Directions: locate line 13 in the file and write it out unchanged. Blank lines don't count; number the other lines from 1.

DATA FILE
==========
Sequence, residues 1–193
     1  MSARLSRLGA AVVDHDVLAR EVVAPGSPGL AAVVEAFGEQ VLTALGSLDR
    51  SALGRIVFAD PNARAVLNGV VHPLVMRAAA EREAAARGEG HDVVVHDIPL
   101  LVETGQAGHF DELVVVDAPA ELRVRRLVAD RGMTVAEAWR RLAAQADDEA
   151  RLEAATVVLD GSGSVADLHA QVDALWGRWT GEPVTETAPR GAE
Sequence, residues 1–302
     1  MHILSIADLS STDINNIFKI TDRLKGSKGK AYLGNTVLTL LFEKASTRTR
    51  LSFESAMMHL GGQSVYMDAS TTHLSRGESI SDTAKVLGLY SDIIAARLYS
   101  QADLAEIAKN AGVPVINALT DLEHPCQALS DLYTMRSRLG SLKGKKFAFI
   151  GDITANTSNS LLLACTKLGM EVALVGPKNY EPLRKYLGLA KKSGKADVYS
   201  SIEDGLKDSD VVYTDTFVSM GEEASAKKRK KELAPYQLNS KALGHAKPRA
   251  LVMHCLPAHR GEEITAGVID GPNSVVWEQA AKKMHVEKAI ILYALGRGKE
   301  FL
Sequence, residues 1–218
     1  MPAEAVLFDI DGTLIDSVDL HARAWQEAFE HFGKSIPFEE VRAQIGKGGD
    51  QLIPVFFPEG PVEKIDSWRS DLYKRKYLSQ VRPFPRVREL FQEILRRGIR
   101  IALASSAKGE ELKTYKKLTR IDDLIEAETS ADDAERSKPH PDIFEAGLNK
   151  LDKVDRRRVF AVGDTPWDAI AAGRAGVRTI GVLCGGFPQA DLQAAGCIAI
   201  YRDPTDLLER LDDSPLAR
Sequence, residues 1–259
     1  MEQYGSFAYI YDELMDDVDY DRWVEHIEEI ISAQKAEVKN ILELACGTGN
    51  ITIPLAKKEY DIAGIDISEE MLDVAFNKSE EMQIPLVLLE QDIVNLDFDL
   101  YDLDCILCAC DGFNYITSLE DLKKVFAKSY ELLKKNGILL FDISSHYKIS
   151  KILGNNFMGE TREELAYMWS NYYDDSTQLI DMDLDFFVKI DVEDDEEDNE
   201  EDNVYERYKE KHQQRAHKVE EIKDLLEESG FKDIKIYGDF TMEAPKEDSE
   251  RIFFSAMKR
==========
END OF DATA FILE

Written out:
   301  FL